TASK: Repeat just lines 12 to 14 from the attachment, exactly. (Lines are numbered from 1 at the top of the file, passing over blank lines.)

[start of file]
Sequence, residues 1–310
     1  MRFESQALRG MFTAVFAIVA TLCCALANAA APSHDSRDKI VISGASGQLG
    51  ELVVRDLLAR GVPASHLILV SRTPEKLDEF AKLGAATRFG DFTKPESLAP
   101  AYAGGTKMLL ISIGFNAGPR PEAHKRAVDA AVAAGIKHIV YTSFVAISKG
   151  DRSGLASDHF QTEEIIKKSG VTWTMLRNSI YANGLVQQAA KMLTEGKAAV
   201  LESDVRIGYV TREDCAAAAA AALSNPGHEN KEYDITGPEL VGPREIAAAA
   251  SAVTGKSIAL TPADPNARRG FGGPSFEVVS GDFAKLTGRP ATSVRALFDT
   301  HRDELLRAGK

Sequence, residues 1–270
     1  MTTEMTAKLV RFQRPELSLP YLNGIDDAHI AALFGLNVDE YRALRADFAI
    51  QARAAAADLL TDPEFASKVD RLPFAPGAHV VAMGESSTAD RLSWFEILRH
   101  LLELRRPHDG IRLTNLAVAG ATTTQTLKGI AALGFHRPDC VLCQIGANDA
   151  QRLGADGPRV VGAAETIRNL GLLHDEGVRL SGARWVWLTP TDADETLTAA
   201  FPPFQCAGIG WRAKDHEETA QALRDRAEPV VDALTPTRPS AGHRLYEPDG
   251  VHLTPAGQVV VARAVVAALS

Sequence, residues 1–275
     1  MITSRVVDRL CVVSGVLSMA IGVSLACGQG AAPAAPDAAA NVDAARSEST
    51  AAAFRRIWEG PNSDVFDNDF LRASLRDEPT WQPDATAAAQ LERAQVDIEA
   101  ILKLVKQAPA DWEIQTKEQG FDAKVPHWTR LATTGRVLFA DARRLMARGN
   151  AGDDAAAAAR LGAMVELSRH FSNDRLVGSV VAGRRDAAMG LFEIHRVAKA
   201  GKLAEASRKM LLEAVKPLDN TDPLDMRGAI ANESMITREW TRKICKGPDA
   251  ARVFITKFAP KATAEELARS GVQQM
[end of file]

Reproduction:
   101  LLELRRPHDG IRLTNLAVAG ATTTQTLKGI AALGFHRPDC VLCQIGANDA
   151  QRLGADGPRV VGAAETIRNL GLLHDEGVRL SGARWVWLTP TDADETLTAA
   201  FPPFQCAGIG WRAKDHEETA QALRDRAEPV VDALTPTRPS AGHRLYEPDG